Women diagnosed with breast cancer are encouraged to implement natural lifestyle changes to help improve their chances of recovery. One simple but efficient strategy is to start a regular exercise program. According to a new study, breast cancer patients who started exercising regularly after six months of diagnosis have lowered their chances of dying by up to 30 percent.
Dr. Joseph Mercola comments: “This is a radical departure from the now-outdated advice that cancer patients should rest and take it easy the way heart attack patients were treated fifty years ago.”
You Can Avoid Breast Cancer with Exercise
According to the researchers, breast cancer patients who exercised at least 2 ½ hours a week for 18 consecutive months helped themselves fight off the disease and improved their chances of survival. Better results were seen in individuals who exercised almost every day. (link)
Similar results were seen in an earlier study from Harvard Medical School. According to the researchers, breast cancer patients who had three to five hours of moderate exercise per week lowered their chances of dying by almost 50 percent, compared to sedentary women. (link)
“In fact, any amount of weekly exercise increased a patient’s odds of surviving breast cancer, and this held true regardless of whether women were diagnosed early on or after their cancer had spread,” says Dr. Mercola.
These new exercise recommendations were supported by Macmillan Cancer Support. According to Jane Maher, chief medical officer of Macmillan Cancer Support and clinical oncologist:
“The advice that I would have previously given to one of my patients would have been to ‘take it easy’. This has now changed significantly because of the recognition that if physical exercise were a drug, it would be hitting the headlines.” (link)
Why Does Exercise Help Fight and Prevent Cancer?
Exercise helps decrease your insulin receptor sensitivity and lowers your insulin and leptin levels, which are powerful ways to reduce your risk of cancer. Another beneficial effect of exercise is that it enhances apoptosis or programmed cell death, which increases the likelihood that cancer cells will die.
The circulation of immune cells in your blood and lymphatic system also improves with exercise. Immune cells are important in neutralizing pathogens and destroying precancerous cells throughout your body.
A study published in the British Medical Journal also explored the link between exercise and cancer, and found out that exercise affects biological processes that may directly influence your cancer risk. These include:
- Cardiovascular capacity
- Energy balance
- Pulmonary capacity
- Immune function
- Bowel motility
- Antioxidant defense
- Hormone levels
- DNA repair
Cancer Patients and Cancer-Free People Must Exercise
The researchers noted that there is growing evidence that physical activity plays an important role at all stages of cancer, whether before, during, or after the treatment.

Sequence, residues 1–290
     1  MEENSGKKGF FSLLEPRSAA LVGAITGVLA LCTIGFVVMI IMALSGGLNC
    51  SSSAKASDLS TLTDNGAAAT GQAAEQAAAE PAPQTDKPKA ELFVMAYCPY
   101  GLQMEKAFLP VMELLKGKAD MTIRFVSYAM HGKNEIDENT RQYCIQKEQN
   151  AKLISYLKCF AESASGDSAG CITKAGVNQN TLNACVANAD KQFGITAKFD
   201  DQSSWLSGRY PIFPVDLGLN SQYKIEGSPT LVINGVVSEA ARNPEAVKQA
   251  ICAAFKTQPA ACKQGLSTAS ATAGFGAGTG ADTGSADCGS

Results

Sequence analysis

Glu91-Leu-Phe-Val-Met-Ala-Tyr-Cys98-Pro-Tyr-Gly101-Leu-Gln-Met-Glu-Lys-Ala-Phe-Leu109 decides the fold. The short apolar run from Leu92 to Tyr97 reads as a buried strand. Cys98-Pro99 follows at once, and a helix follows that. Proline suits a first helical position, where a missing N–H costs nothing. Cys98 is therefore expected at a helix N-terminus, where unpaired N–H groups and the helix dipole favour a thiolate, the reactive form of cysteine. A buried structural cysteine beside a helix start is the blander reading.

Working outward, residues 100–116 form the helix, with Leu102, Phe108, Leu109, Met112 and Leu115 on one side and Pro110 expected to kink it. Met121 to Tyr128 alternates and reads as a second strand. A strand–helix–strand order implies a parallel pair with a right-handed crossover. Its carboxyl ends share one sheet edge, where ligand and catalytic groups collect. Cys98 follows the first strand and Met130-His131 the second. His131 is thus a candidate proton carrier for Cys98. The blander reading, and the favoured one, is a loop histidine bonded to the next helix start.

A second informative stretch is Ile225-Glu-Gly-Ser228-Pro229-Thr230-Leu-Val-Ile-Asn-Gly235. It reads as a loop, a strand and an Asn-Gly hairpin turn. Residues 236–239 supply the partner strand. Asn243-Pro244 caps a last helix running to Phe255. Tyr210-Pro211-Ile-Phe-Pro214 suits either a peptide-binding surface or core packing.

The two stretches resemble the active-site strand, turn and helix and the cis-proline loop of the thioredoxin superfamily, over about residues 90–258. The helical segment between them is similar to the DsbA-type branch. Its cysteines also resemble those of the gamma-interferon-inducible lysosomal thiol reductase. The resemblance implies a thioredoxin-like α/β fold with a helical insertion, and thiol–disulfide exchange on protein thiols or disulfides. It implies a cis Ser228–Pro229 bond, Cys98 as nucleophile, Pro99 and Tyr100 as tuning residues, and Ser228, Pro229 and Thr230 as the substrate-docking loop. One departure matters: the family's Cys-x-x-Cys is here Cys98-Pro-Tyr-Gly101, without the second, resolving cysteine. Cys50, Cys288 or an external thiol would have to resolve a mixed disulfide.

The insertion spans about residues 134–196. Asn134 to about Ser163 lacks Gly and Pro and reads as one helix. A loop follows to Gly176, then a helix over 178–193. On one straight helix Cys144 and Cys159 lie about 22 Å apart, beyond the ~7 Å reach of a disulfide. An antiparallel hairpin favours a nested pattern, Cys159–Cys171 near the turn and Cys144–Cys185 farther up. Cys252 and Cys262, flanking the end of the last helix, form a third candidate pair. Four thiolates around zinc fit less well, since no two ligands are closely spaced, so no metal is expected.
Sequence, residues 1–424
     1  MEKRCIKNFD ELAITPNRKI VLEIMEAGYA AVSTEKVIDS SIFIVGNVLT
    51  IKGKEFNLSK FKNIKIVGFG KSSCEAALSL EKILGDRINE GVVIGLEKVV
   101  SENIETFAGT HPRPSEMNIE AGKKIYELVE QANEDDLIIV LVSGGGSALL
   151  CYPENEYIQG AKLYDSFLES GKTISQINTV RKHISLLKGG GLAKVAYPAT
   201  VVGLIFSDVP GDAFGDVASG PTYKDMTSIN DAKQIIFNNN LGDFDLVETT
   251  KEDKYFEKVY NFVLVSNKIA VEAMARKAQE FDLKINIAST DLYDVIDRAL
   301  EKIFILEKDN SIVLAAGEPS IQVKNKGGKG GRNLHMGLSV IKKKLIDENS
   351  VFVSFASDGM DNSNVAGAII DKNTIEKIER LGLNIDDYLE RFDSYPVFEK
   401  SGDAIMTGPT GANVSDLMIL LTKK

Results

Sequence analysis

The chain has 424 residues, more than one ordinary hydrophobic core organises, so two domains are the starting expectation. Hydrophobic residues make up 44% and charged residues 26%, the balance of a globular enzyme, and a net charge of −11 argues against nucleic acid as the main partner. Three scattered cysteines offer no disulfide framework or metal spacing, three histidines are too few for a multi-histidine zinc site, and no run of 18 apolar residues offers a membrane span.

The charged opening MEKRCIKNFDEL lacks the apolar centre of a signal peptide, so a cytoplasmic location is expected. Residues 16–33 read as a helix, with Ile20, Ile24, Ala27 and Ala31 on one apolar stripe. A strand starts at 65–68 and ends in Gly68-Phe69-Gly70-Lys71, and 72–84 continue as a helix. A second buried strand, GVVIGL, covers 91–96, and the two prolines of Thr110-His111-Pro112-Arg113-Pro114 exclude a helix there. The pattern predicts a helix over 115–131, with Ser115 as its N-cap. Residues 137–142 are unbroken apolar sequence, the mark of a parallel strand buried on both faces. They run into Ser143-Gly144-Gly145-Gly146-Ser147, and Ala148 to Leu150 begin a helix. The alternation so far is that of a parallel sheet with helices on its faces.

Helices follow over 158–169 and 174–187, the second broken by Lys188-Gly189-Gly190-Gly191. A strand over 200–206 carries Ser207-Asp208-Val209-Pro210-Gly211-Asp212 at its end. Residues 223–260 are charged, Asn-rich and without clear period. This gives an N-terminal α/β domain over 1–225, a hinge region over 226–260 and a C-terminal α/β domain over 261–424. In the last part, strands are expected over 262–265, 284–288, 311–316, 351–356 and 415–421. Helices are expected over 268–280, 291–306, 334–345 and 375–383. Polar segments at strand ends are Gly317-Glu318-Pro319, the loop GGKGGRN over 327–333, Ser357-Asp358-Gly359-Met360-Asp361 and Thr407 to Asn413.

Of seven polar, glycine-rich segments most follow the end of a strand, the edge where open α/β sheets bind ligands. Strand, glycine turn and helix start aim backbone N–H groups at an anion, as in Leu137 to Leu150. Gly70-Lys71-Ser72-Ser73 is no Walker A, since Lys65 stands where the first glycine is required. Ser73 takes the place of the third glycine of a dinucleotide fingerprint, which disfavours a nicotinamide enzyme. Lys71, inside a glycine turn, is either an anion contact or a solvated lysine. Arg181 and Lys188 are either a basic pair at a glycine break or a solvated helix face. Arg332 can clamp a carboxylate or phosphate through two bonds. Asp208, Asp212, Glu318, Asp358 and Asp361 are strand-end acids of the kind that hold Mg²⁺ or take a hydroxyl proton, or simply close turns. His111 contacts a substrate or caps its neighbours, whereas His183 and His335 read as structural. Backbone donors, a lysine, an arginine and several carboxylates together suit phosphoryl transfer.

A cancer diagnosis can be very physically and mentally exhausting, especially if you undergo conventional treatments like radiation or chemotherapy (which are NOT recommended by Dr. Mercola because of their dangerous side effects). Through exercise, you can lessen your symptoms and generally improve how you feel, so you can go back to your normal routine.
According to a MacMillan Cancer Support report, exercise may:
- Reduce fatigue and improve your energy levels
- Help manage your stress, anxiety, low mood, or depression
- Improve your bone and heart health (Chemotherapy drugs and radiotherapy may give you heart problems later in life)
- Build muscle strength, relieve pain, and improve your range of movement
- Maintain your healthy weight
- Improve your appetite
- Help you sleep better
- Prevent constipation
However, it is important that you exercise even if you do not have cancer. “Exercise is one of the most powerful strategies available to reduce your cancer risk, so starting a program while you’re cancer-free should increase your chances of staying that way,” says Dr. Mercola.
Can a Shorter Exercise Routine Yield The Same Benefits?
Dr. Mercola adds that short, high-intensity exercises like Peak Fitness may yield better results. At least one hour of high intensity per week may give more benefits to cancer and non-cancer patients. In this one hour, warm up, recovery, and cool down are already included; the actual amount of high intensity exercise is only 12 minutes per week. The routine is efficient but attainable.
However, he reminds you to listen to your body at all times. You may need to exercise at a lower intensity or for shorter durations at times. If you need to take a break, then do so. If your immune system is already very weak, you may need to exercise at home instead of visiting a public gym.
Other Cancer Prevention Tips to Remember
If people made wiser lifestyle choices, at least 40 percent of U.S. breast cancer cases could be prevented. To help you avoid breast cancer, Dr. Mercola recommends these simple strategies:
- Eat healthy. Avoid processed foods and sugar, especially fructose. All types of sugar promote cancer. Instead, consume whole, organic foods and fresh vegetables.
- Get enough vitamin D. Deficiency in this nutrient may increase your chances of developing cancer. Optimize your vitamin D levels with adequate sun exposure, a safe tanning bed, or oral D3 supplementation.
- Get sufficient sleep. Ayurvedic medicine says the ideal sleep hours are between 10 pm and 6 am. As much as possible, sleep in complete darkness, so your body will produce melatonin, a natural cancer fighter.
- Address your stress. Your risk of contracting breast cancer becomes 12 times higher in the ensuing five years after experiencing a traumatic or highly stressful event.